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Home > Essentials of Gardening > Weather
Weather in Gardening
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Weather in GardeningWeather is the ultimate factor determining whether plants will thrive or perish, Temperature, moisture and their extremes have a direct effect on the survival of plants. Climate is the main reason plants favour certain places to grow. Climate is the behaviour of the weather which can be described by both average values and extremes over a period of time. Knowing the climate is a key factor to successful gardening. The weather can affect the health of your garden. Some plants may need protection from harsh winds, scorching sun or prolonged frost.

Weather describes the variations that occur in the atmosphere from day to day, while climate refers to the typical weather found in an area based on years of observations.

To understand these concepts, it helps to understand what influences climate. The most important factors are how warm an area is and the amount of precipitation it gets. This, in turn, has a big influence on the plants and animals that live there. Nearness to the equator is the most important factor, affecting the amount of sunlight, and thus warmth, that an area receives. Because of the angle at which the sun`s rays strike the earth, the equator, which receives direct rays that pass through less atmosphere, is warmer than locations nearer the poles.

Other factors that affect weather and climate are proximity to water (particularly an ocean), direction of prevailing winds, and relief (e.g., mountains). Consider, for instance, how these factors influence climates in this country. The coasts tend to have more moderate weather, with relatively cool summers and mild winters, and less of a temperature range than the center of the country. This occurs because the ocean, though it warms slowly, holds heat and releases it more slowly than does land, moderating the air temperature. The Midwest experiences cold winters and very hot summers because the expanse of land heats more quickly and cools more rapidly than water. It also tends to be drier in the center of the country, since prevailing winds from the west have lost most of the moisture gained over the ocean. Mountain areas tend to get cooler temperatures and more rainfall since thinner air is less able to absorb and retain heat, and can hold less water. The Southeast, nearer the equator, has hot summers and short, mild winters, and remains fairly humid. The Southwest, though warm, is much drier since warm moist air cools as it rises over the western mountains and drops its moisture. The descending air is warm, but has little remaining moisture.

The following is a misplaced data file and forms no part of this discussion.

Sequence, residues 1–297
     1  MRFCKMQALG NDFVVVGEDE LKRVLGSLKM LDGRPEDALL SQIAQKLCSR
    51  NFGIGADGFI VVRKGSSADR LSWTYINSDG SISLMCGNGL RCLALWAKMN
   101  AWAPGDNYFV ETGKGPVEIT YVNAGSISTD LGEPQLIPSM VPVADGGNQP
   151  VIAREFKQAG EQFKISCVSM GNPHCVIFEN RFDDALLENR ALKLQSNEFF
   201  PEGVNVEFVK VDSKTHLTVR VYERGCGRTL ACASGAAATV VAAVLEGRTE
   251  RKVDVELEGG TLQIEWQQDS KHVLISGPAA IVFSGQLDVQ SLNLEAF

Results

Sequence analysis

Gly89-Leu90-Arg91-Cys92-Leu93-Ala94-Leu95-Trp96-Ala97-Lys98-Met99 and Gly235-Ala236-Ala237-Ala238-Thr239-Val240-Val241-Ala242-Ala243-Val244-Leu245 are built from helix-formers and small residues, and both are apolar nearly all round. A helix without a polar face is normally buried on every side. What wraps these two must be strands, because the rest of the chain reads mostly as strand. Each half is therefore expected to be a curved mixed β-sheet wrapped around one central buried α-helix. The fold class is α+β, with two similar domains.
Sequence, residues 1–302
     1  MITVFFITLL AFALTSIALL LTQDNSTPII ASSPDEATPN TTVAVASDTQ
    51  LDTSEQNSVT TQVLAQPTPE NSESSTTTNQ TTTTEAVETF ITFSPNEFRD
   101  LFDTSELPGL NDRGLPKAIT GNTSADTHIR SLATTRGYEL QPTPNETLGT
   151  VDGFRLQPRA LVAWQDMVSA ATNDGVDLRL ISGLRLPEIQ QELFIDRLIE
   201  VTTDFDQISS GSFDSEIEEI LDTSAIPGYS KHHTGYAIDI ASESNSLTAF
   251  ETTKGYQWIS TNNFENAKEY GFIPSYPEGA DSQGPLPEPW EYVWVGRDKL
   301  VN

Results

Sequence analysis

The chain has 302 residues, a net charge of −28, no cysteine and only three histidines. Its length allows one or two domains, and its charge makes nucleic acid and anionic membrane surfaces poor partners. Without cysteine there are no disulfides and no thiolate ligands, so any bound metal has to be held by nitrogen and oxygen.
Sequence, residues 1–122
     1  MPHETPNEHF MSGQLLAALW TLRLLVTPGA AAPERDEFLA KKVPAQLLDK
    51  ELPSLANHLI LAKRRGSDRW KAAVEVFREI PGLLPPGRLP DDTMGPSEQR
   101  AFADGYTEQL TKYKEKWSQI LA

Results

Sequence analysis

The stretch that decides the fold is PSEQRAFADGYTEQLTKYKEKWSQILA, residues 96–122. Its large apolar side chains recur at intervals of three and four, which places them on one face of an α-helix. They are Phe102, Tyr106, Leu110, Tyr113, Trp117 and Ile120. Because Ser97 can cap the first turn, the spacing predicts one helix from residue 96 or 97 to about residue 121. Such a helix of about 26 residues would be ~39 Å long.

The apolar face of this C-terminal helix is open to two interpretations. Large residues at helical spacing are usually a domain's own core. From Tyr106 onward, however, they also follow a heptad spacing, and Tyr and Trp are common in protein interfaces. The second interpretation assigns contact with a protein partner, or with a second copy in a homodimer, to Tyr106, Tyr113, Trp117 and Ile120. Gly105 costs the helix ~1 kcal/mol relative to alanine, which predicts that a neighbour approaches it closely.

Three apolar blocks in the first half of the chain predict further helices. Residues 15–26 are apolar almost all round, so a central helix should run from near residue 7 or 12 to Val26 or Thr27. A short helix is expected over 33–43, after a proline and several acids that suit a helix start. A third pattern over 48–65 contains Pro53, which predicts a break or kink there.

Factors that can affect microclimates include manmade features like buildings and roads, geographical features like rocks, slopes, or water runoff channels, or living things like trees or meadows. A garden site on the south side of a building or slope may get more sun and be much warmer than one on the other side, for instance.
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